"So then I was faced with this decision of, here I have this young horse, who I can see has a lot of potential and many really good moments, but when he's bad, he's REALLY BAD, who's proven to be spooky and fast. And everyone (including her mom, her husband, many friends) is telling me to sell him, to get rid of him. But I felt I needed to put enough training into him so he would actually have value to then be sold, so I could buy something else that I could endurance ride on.
"That was a really long process to come back from. I'd sit at work at my desk and have panic attacks thinking about riding Digs. I would literally get shaky and my palms would get all sweaty, and I'd have to tell myself, 'You're not in that situation right now, just stop thinking about it.'"
Before doing any more with Digs, Crysta had to start her own riding comeback after her arm healed. "I started riding other people's horses again, some really good steady, well-broke horses.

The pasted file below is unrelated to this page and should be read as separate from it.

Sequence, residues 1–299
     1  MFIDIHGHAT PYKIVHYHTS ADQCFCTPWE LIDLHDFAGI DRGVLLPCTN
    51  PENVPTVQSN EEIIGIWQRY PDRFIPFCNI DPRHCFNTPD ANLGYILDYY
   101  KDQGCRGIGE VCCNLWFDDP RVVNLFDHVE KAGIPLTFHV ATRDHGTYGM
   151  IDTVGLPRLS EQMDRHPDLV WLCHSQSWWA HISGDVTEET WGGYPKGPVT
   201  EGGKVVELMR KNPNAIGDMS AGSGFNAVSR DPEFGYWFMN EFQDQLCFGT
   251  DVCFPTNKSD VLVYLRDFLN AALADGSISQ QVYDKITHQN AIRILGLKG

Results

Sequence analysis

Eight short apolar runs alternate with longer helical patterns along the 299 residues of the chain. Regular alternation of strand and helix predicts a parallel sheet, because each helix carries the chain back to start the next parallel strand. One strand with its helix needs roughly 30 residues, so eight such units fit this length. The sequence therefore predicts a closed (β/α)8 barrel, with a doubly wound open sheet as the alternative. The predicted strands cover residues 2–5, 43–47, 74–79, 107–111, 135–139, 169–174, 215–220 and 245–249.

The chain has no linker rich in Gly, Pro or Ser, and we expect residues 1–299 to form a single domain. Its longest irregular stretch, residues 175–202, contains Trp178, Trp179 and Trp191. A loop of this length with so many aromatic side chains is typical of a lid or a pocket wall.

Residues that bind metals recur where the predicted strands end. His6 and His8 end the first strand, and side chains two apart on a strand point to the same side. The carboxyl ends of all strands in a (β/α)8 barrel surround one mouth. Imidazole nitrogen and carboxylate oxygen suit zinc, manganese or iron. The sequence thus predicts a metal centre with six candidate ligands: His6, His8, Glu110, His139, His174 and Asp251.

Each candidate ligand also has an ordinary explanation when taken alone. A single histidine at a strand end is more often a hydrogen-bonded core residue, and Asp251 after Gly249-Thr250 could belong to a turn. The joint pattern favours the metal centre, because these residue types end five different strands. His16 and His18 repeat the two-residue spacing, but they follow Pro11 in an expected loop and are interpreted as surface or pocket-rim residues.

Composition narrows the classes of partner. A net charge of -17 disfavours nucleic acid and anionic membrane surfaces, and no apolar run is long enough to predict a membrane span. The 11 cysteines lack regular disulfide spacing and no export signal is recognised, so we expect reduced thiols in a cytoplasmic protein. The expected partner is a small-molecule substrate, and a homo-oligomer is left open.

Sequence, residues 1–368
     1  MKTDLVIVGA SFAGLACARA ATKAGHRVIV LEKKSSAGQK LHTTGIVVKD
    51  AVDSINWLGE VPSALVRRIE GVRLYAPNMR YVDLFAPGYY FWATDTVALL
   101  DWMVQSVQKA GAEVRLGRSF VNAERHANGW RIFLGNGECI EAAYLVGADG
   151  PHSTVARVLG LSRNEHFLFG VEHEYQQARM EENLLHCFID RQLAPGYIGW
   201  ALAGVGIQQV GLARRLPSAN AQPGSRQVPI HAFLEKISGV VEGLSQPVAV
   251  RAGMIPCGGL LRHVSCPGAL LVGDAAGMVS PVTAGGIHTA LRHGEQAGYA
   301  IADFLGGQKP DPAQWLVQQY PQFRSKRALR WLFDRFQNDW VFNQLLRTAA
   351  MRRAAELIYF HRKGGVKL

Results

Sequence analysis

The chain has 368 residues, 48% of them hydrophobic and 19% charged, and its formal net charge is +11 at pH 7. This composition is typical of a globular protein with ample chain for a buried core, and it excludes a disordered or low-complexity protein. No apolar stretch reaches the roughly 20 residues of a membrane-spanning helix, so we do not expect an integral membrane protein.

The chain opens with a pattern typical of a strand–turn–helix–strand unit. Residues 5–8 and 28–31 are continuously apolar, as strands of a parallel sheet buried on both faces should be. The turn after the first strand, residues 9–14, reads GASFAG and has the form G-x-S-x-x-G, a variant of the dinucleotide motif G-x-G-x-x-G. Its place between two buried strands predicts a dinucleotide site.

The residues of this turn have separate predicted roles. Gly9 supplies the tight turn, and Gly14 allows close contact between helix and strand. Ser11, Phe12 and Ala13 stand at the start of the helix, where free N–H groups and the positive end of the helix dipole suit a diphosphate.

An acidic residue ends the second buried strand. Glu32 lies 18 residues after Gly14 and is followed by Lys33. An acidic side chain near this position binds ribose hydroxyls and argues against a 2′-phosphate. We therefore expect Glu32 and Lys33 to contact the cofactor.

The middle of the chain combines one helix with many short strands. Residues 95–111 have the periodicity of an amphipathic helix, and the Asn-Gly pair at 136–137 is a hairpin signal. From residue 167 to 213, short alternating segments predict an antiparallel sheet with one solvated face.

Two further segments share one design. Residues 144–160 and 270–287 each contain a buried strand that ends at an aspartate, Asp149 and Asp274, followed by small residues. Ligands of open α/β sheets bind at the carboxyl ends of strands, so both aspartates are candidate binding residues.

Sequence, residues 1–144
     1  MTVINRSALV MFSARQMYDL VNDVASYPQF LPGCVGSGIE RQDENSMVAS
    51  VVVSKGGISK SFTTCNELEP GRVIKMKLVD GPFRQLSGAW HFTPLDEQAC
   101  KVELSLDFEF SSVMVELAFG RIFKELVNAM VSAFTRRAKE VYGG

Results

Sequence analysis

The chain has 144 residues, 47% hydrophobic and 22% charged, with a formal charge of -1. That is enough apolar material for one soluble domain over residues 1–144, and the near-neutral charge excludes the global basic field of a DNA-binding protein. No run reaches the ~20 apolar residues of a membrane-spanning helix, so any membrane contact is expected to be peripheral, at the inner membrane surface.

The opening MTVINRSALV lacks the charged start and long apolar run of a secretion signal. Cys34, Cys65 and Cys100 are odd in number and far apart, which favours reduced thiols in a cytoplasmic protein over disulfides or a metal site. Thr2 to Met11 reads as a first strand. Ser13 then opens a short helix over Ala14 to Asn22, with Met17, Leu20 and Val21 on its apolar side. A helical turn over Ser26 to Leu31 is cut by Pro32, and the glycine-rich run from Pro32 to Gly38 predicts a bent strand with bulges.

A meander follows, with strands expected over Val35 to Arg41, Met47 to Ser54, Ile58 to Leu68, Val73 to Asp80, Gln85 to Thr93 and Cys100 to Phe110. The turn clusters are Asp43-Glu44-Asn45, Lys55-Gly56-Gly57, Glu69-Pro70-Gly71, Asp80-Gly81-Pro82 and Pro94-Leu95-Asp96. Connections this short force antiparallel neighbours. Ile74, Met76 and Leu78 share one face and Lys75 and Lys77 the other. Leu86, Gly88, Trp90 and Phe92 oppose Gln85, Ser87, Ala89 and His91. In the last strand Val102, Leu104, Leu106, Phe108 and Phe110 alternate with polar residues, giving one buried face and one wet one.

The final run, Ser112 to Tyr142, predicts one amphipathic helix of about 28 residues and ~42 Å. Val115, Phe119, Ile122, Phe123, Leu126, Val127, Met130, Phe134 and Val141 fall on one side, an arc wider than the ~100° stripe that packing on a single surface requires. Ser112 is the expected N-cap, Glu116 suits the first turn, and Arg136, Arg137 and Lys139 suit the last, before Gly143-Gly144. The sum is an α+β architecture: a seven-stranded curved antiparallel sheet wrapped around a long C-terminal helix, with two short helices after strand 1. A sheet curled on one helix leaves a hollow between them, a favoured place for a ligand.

"My friend took me out for a long trail ride, and I remember we could only walk for the first hour and a half. It took me that long to get my confidence up, being able to move out again, to do anything faster than a walk. That's what I did to get back in the saddle, just started riding other people's horses slowly again."
Attending the Sacramento Horse Expo in June with her mom, and watching some horsemanship demonstrations, Crysta acknowledged that Diego was the most difficult horse she ever had to work with, and she realized that she was lacking in two very key elements: control and trust. "I knew I had to gain more control, and thus increase his trust in me."
Over the next several months, she took a big step back with Digs and really got back to basics. "We did a ton of ground work. I took him to some de-spooking clinics, and we just did stuff in hand. I just gave myself permission to not have to ride him until I was ready."
They did a lot of lunging, in different areas and over obstacles, and they worked on establishing good verbal cues. They worked on ground driving, where Digs had to learn to overcome some of his confidence issues while doing it, where Crysta was no longer the 'leader' out in front of him, and instead he had to be responsible for choosing where to go with some direction from Crysta. They also went to a bomb-proofing clinic.